Qtum Foundation Pte has announced that Energo Foundation Pte has implemented the Qtum blockchain platform in its latest cooperation with First Gen, the largest producer of clean energy in the Philippines. This applies to First Gen’s blockchain micro-grid project.
First Gen is one of the biggest producers of clean energy in the Philippines. It recently co-hosted a ‘blockchain + new energy Workshop‘ with De La Salle University in Manila, Philippines, making its the first micro-grid project of its kind.
“Through combining the decentralization of blockchain with solar cells, energy storage and other hardware, we hope to accelerate the power reform in off-grid areas and devote itself towards making clean electricity more accessible to residents in remote areas in the near future. We are delighted to partner with De La Salle University University on this case and wish to forge more partnerships with leading players in the cleantech industry,” says Kaikai Yang, founder and CEO of Energo Lab Foundation.
Energo+Qtum and blockchain
At the core of the Energo initiative is the Qtum blockchain platform. This offers a decentralized system designed for the measurement, registration, transaction, and settlement of clean energy in local micro-grids. Energo has donated a hardware system to De La Salle University which can load 10 kilowatts. This promotes the use of green energy on the campus. The system is expected to save up to 1.2 million Philippine pesos in electricity expenditure over the next 20 years.
As the first application of its kind based on the Qtum chain, Energo counts Clean Energy Access Network (the largest decentralized energy organization in India), Power for All and the Alliance for Rural Electrification as its partners.
On the De La Salle University campus microgrid project, Energo makes use of the decentralization of the blockchain to ensure that:
- users between buildings can directly conduct peer-to-peer electricity transactions
- the supply and consumption of electricity in each building remains balanced
- the smart meter system records a series of transactions and ensures the security of data storage.
Energo+Qtum and the latter’s platform
Qtum Foundation is a Singapore-headquartered decision-making body charged with accelerating the development of the Qtum blockchain network and protocol. Qtum’s platform utilizes smart contracts through integration of the Ethereum Virtual Machine. To date more than 50 decentralized applications have been deployed on Qtum across a broad spectrum of sectors including:
- intellectual property
- market forecasts
- clean energy.
In February Qtum announced its collaboration with the Space Chain Foundation, another decentralized application built on the Qtum chain, to launch a standardized CubeSat. The satellite would carry Qtum’s blockchain software technology on a Raspberry Pi device to provide unique advantages for Qtum users. By launching a satellite into space with a comparatively lighter proof-of-stake algorithm, QTUM can increase its reliability with a future satellite network expansion and lower the cost of industrial usage.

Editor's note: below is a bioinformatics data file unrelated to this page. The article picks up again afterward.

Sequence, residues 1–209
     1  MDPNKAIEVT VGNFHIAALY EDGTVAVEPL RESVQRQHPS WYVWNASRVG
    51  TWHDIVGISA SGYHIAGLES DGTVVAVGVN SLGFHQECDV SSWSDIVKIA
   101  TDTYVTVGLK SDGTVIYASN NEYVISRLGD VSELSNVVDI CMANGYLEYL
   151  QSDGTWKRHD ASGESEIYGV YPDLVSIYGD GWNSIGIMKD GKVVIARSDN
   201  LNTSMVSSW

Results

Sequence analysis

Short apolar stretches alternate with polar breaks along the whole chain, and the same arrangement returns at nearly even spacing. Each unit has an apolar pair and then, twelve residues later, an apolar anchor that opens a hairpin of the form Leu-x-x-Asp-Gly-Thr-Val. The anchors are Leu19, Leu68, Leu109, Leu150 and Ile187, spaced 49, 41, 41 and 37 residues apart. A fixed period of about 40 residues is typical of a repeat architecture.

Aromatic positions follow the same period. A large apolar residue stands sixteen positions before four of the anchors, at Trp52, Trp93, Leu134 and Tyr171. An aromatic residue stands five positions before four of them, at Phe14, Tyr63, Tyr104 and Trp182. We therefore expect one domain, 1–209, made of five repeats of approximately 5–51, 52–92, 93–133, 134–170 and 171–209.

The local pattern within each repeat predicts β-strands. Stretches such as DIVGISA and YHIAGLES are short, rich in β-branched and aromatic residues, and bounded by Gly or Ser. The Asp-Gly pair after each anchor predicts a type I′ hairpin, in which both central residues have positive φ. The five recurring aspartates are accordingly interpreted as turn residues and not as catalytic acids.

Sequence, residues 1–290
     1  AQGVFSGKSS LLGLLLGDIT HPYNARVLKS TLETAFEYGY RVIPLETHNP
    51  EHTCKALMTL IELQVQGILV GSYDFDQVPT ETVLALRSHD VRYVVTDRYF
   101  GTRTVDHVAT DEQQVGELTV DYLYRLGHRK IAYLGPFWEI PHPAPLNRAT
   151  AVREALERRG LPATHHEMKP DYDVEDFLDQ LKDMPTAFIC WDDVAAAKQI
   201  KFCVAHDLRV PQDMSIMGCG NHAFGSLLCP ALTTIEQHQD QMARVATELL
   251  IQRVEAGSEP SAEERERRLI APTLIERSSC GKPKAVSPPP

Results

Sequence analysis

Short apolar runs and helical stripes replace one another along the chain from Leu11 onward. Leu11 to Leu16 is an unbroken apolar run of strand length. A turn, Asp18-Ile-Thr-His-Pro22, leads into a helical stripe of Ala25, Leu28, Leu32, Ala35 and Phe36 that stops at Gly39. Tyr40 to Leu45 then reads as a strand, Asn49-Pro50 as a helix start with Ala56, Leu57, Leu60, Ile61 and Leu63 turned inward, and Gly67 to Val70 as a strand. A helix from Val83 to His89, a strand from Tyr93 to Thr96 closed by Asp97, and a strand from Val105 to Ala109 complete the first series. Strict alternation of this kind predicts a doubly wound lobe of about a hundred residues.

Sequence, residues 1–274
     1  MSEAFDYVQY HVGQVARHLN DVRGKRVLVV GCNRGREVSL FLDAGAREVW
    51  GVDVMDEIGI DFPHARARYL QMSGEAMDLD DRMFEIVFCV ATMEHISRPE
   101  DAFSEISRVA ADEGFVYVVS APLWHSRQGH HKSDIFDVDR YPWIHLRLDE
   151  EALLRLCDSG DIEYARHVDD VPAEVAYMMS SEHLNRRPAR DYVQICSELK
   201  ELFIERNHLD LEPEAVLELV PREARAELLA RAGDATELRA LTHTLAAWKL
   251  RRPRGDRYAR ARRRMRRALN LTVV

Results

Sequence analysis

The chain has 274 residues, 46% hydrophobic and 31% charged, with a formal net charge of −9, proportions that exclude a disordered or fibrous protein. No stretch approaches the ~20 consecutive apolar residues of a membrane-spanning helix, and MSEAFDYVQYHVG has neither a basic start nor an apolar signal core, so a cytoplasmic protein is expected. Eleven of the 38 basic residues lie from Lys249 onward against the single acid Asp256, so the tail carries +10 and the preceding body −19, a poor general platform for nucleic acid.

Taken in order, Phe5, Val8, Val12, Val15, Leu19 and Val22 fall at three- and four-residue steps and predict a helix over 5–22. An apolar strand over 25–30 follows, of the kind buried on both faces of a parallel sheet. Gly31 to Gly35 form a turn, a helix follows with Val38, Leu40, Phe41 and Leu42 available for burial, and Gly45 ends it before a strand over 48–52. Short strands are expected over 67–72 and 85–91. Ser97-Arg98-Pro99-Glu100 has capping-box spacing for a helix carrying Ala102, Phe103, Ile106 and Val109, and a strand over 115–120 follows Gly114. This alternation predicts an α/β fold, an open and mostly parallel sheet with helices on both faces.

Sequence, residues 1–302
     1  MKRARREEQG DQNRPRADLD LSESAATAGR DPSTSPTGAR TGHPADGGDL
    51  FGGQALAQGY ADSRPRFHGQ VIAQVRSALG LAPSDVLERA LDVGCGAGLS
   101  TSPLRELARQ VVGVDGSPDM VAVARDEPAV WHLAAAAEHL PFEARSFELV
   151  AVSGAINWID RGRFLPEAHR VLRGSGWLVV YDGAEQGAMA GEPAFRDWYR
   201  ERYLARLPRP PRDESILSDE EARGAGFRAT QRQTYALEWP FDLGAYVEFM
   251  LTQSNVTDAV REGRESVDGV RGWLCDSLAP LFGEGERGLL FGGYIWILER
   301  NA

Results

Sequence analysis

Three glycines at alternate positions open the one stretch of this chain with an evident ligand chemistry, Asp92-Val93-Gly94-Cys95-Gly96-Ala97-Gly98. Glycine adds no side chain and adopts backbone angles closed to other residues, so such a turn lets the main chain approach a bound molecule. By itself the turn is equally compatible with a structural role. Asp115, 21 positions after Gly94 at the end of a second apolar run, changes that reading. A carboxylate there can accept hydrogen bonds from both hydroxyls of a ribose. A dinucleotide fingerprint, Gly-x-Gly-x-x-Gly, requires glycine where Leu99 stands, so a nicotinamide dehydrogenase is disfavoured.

Energo Labs integrates blockchain into the energy sector by establishing Decentralized Autonomous Energy (DAE) communities. It connects energy producers of varying capacities and energy consumers of diverse needs which:
- increases energy efficiency and reliability
- eliminates intermediaries of energy trading
- boosts profits of energy producers and retailers
- creates values for end users.
In DAE communities, energy is a digital asset that can be traded for several applications: peer-to-peer (P2P), machine-to-machine (M2M), and vehicle-to-micro grid/vehicle-to-grid (V2MG/V2G). Energo envisions to create a truly decentralized autonomous energy community.
What does this mean
Blockchain implementation, for real, is happening (see also Monetago). The evolution from pilots and proofs of concept occurs. A major step forward is on its way.
As Michael Bodson of the Depository Trust & Clearing Corporation said recently (at the DTCC Fintech Conference): “However, as the hype of blockchain has collided with its realities, expectations have become more rational over its ability to achieve the scale and processing power needed for large-scale solutions. For example, I’m sure you all remember the talk not long ago about using blockchain to perform real-time gross settlement. In a small, immature market – maybe. But in the United States – not a chance, at least right now. At DTCC, we seamlessly process 60 million trades each day, and during peak times like we saw last month, we handled as many as 90 million transactions. It would be impossible to do this today using a distributed ledger.”
Blockchain ‘teenages’, but has not yet matured. What is good is that blockchain initiatives are not limited to the so-called ‘first world’. There is as much, if not more, practical activity elsewhere, as this Energo+Qtum example demonstrates